Photograph by Peter Baxter using a Pentax Digibino3 July 2004
    There was an Australian Black Swan in the mouth of the River Adur estuary. 

    Report and Photograph by Peter Baxter (Southwick)


    6 May 2004
    On the low spring tide, there was a  small first year Corkwing Wrasse, Symphodus melops,  in the pools under the damaged groynes (5) at mid-tide level, which was uncommon. 

    5 April 2004
    Two Oystercatchers, Haematopus ostralegus, did not even fly off straightaway when approached and on the low spring tide they waddled from the mussel beds (1) to the mud flats. 
    Dogwhelk on an Oyster (Photograph by Andy Horton)A single Butterfish, Pholis gunnellus, hid under a rock. A single dirty grey Dogwhelk, Nucella lapillus, (a predatory gastropod, snail-like, mollusc) was in the middle of laying egg capsules under another rock at mid-tide level (4) amongst the mussel beds. This was surprising as the first recorded observation of the egg capsules on Kingston Beach. The Dogwhelks were not seen from 1971 to 2001 and the absence may be because of TBT pollution, which prevented the Dogwhelks from breeding. The other possibility is the Dogwhelks returned after spreading from the new syenite rock sea defences on Southwick beach which are inimical to Dogwhelks and to the mussels and Acorn Barnacles on which they feed. 
    Trouble with Dogwhelks
    BMLSS Molluscs

    6 March 2004
    Four Oystercatchers, Haematopus ostralegus, and a Redshank probed amongst the mussels on a  low spring tide that nearly reached the Tide Marker (1) at its maximum ebb.

    15 February 2004
    An Oystercatcher, Haematopus ostralegus, and a Redshank probed amongst the mussels on a  low neap tide that revealed the end of the groynes at its maximum ebb. A single Mute Swan was resting on the swell in the entrance to Shoreham Harbour.

    5 January 2004
    As the Shoreham Harbour fog horn boomed, four Oystercatchers, Haematopus ostralegus, probed for worms amongst the mussel beds and sand. 

    WILDLIFE REPORT PAGES 2003

    21 October 2003
    The black and white wing was the first indication of an Oystercatcher, Haematopus ostralegus,  that descended to land on the loose rock shore of Kingston Beach on a low neap tide. A careful watch for a few minutes through my binoculars and the Oystercatcher was attempting the repeated stabbing with its medium-length black beak, which is a behavioural characteristic of this bird. It was meant as one of several techniques to stab at mussels to get at the rich flesh inside. It was not successful and the tide would not go out any further to reveal the mussel beds (on a 1.9 metre low neap tide) and there would not be more than an occasional mussel exposed *, and it may have been stabbing at the hinges of exposed cockles?  (* Mussels need be submerged for every tide.)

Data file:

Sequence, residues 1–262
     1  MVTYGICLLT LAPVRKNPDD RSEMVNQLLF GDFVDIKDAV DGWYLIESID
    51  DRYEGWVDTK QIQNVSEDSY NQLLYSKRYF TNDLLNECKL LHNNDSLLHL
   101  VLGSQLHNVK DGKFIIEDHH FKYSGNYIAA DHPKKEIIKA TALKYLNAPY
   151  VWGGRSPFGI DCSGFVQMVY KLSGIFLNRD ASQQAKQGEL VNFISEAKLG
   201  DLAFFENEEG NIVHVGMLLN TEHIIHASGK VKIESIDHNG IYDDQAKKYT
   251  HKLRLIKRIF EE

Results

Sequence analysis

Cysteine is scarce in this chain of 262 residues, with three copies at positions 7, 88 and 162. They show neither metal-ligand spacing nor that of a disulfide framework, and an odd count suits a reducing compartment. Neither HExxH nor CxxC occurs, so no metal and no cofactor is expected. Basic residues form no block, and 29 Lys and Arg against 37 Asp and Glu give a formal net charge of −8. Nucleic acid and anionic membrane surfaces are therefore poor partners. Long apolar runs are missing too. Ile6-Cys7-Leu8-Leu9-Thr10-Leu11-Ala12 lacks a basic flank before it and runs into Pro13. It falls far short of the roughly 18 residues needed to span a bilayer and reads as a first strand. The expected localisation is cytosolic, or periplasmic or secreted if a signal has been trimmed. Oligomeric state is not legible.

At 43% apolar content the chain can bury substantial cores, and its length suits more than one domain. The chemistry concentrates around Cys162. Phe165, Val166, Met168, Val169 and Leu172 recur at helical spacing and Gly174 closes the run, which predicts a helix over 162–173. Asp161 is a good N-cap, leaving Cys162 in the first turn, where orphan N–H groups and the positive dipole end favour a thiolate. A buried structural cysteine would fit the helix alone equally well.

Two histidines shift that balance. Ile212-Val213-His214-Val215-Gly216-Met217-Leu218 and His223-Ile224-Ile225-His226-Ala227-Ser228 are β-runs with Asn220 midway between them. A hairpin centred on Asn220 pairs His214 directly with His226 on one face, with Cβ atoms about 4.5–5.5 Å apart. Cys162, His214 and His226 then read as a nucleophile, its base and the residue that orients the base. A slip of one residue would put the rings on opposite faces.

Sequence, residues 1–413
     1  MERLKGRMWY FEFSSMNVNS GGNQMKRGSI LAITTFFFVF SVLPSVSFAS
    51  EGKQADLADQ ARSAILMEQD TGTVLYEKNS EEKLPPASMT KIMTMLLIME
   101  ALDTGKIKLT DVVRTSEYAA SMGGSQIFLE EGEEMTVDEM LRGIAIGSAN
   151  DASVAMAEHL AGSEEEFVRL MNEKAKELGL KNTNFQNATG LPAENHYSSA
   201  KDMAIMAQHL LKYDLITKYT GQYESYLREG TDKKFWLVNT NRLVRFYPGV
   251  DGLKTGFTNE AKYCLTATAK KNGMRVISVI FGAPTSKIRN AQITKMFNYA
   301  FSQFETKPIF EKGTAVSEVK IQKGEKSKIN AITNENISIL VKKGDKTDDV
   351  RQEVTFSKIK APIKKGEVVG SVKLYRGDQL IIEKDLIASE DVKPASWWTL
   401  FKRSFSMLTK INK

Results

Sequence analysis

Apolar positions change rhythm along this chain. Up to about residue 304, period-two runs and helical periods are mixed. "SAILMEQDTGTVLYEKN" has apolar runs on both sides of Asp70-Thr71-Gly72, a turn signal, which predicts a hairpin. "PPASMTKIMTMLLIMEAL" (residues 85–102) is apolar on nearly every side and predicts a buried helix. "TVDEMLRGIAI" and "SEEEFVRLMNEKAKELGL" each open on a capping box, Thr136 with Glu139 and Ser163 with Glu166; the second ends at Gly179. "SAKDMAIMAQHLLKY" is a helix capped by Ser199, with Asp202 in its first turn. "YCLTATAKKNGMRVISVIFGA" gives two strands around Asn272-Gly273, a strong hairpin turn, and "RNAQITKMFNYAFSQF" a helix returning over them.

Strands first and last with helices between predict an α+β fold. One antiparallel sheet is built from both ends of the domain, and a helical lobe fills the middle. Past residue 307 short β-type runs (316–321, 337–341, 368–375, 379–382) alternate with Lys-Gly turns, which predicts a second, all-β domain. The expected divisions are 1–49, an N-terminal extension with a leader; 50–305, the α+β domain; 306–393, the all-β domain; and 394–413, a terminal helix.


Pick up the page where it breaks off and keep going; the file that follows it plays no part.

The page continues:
The red legs of the Oystercatcher were matched by a well camouflaged Redshank between the launching ramp and the first groyne. 
    Oystercatchers on Lundy (Behaviour)

    The Groyne to the east of the Launching Ramp (5)
    Tide level: 1.94 metres, neap low water

    Over the shallow pool near the Lifeboat Station the red breast of a Kingfisher stood out from the pipeline it was perched on (8). Ironically, a couple of Crows had managed to prise out a clump of mussels. 

    19 October 2003
    The neap tide variation between 2.36 metres (low at 12.04 pm) and the high tide of 4.4 metres (6:14 pm in darkness) is one of the smallest possible. (The equinoctial spring tide variation could be up to 7 metres). 
    BMLSS Tides

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Andy HortonShore CrabSquat LobsterHairy CrabBlennyHermit CrabBlennyCommon GobyRock GobyRocklingButterfishAndy Horton with his prawn netOystercatcher